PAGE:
1 lb. small whole small cremini (brown) mushrooms, browned
1 can (or 1 1/2 cups cooked) corn, drained

In a large heavy skillet or saute pan with a tight lid (can be non-stick), sprayed with oil from a pump sprayer, saute the onion, bell peppers, hot peppers, and garlic until the onion begins to brown a bit. Add water a squirt at a time to keep them from sticking, as needed. Add the cilantro, coriander, and cumin, and stir-fry for a minute. Add the raw rice and stir-fry briefly.  Pour in the beer and the hot water with the bouillon, and the peas, with pepper to taste, plus your Protein choice and any Optional addition you might be using.  Bring to a boil, cover and cook for 15-20 minutes, or until the rice is done. Toss ingredients and taste for salt and pepper.


Monday, February 20, 2012


Best Blog Tips
My Mom's (Vegan-ized) Chik'n with White Wine and Rosemary

This last weekend on the CBC Radio One program "North by Northwest" they were asking for readers'  stories and experiences looking for lost childhood favorite recipes or foods.  That got me thinking about my own childhood favorites.  Of course, like most of us, I was not raised vegan, so some of my old favorites were "meaty".  My late mother, Eve Urbina, was a great cook, but not a baker, so not many homemade desserts came to mind (we mostly had yogurt and fruit for dessert).  But one of my real favorite from my Mom's repertoire  was chicken sauteed in olive oil with white wine and rosemary, which resulted in a sticky, flavorful "goo" at the bottom of the pan, which she would mix with steamed long-grain rice to serve with the chicken.

So, I attempted a vegan version for our Saturday night dinner, using some Gardein-made meatless "chicken breasts" we can buy frozen in our local Great Canadian Superstore.  The most difficult part is getting the "goo" at the bottom of the pan.  I tried a trick from my Italian cookbook "Nonna's Italian Kitchen", agar-jelled broth, but made with Better Than Bouillon No-Chicken Vegan Broth Paste instead of my homemade broth from the book. However, despite my jelled broth addition and cooking it down, the residue in the pan refused to get as “sticky-gooey” as the original.  That’s probably because there was much more fat in my childhood version.  But no worries— the resulting sauce was absolutely delish!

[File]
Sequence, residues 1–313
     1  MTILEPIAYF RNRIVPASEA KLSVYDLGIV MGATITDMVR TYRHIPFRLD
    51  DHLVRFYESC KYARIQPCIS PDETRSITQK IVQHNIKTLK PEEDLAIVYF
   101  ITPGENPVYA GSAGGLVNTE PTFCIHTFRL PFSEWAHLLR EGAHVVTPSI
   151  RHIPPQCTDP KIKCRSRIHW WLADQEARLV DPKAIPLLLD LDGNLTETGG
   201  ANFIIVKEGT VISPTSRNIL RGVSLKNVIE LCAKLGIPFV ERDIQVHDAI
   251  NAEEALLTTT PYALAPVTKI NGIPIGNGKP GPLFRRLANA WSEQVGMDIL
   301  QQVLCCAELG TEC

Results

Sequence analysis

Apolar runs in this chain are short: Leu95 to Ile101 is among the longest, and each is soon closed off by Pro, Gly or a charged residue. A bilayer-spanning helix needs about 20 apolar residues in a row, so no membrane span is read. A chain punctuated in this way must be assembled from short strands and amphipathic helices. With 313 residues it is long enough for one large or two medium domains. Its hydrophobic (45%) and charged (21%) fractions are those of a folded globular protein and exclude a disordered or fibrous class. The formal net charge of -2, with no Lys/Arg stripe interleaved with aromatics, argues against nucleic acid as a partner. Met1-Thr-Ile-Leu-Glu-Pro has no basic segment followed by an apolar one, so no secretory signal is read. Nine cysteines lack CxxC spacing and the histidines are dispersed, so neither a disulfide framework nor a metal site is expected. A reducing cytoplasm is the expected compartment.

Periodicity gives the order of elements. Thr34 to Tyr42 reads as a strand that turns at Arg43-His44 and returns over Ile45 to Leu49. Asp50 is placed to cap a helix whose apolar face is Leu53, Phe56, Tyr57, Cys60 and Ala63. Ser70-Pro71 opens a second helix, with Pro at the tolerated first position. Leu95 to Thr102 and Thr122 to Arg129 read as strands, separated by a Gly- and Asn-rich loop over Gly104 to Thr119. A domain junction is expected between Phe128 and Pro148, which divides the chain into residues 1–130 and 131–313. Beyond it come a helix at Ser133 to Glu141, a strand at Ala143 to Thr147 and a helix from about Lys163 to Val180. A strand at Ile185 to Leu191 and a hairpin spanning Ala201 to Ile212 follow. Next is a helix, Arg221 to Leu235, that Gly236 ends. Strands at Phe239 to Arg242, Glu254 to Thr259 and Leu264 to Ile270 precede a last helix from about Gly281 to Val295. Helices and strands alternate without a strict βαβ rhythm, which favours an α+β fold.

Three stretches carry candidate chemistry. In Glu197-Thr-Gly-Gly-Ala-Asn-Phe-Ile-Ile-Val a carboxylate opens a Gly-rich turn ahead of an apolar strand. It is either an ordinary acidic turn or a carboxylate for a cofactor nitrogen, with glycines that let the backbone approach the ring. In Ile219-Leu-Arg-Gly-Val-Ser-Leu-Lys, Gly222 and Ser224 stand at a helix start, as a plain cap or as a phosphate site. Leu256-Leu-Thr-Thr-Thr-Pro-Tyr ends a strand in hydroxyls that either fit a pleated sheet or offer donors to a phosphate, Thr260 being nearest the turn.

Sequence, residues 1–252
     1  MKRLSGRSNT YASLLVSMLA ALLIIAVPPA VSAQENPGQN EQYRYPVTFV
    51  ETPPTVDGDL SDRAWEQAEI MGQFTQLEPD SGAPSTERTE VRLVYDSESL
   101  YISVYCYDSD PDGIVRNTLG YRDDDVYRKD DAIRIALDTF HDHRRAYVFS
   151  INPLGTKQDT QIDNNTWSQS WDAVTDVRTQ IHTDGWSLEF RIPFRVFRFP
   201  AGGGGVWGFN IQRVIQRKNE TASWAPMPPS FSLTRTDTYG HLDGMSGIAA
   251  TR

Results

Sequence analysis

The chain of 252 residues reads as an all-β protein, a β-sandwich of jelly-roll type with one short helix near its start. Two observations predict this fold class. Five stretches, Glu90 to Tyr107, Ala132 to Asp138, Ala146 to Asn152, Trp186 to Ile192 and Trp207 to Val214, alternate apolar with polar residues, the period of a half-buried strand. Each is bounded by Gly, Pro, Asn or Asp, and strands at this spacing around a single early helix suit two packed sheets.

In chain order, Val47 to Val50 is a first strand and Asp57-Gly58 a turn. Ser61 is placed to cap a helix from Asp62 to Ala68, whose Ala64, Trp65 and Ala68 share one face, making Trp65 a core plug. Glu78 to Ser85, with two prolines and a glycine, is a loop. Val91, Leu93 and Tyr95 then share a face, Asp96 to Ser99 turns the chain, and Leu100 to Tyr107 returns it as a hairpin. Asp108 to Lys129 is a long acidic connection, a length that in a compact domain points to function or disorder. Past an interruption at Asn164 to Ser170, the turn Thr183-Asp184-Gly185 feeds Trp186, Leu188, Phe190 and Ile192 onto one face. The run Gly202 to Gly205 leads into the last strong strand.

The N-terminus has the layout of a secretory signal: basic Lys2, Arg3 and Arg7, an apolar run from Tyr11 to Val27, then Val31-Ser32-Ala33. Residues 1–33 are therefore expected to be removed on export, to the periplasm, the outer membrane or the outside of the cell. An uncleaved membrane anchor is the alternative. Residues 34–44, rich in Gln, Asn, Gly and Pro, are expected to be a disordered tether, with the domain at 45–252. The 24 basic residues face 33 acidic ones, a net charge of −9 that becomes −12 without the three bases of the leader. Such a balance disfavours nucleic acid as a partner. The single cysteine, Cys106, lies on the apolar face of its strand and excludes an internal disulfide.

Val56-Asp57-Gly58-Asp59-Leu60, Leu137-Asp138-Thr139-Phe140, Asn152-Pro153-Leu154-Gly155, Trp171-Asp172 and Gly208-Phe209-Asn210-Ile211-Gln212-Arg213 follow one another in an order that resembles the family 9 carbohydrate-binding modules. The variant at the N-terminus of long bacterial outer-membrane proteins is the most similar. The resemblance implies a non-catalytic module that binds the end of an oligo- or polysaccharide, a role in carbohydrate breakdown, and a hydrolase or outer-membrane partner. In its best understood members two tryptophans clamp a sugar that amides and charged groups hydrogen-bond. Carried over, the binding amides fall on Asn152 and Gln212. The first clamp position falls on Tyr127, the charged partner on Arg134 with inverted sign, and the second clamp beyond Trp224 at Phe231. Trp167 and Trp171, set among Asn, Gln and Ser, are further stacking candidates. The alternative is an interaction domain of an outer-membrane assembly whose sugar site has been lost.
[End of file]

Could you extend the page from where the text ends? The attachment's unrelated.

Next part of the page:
Do you have a "lost childhood recipe” or a commercial or bakery/restaurant childhood treat or favorite ", that you are looking for, or have found and want to vegan-ize, or that you have already succeeded in making vegan?   I'd like to hear about it and, though I can't guarantee that I can do the vegan-izing for you, I'm happy to give you my two cents.

This dish is extremely quick and easy to make, but one of my all-time favorites for flavor. I was trying to more-or-less replicate the chicken with white wine dish that my mother often made when I was a child growing up in a California winery. She would mix steamed long-grain rice in the pan in which the chicken and herbs had been cooked and scrape up the delicious, sticky  residue to mix with the rice. You could do the same with this dish, if you like.
UPDATE: This reviewer loved the dish and he made it with my "Breast of Tofu" (recipe in most of my books), known as "Crispy Marinated Tofu" in "World Vegan Feast", instead of the "Chikn".

4   PC Blue Menu Meatless “Chicken Breasts” (117g each) (in Canada); or use 8 pieces Gardein Turk’y Cutlets or Chick’nScalloppini, or Gardein Chick’n Filets in the US; or equivalents poultry sub available in your area
1/4 cup   Seasoned Flour (see below)      
1 Tbs   extra-virgin olive oil   
3 cups  sliced mushrooms, white, cremini, or chantarelle     
4 cloves   garlic, minced         
1 cup   jelled "chicken-style" vegetarian broth (see below)   
3/4 cup   white wine, such as a Riesling (can be non-alcoholic) or a dry white wine with a little medium sherry mixed in        
2   sprigs fresh rosemary, stripped off the stalk and chopped           
freshly-ground black pepper to taste 

Dredge the “Breasts” or Filets” or “Cutlets” in Seasoned Flour. Heat the olive oil in a large nonstick skillet over high heat. When the oil is hot, arrange coated pieces in the pan. Cook until one side is golden, then turn them over and cook until the other side is golden. Remove from the pan and set aside.

Add the mushrooms and garlic to the pan and sprinkle with a little salt. Stir-fry them over high heat, adding a tiny bit of water if they seem to be sticking (the mushrooms will exude a little liquid), until they start to wilt. Add the browned pieces back to the pan, along with the wine, jelled broth and rosemary. Cook over high heat, stirring gently now and then, until it cooks down and forms a thick sauce. Quickly remove from heat and grind pepper over the dish. Serve immediately over steamed rice or mashed potatoes (or mix the rice with any sauce left in the pan and serve the dish over that.)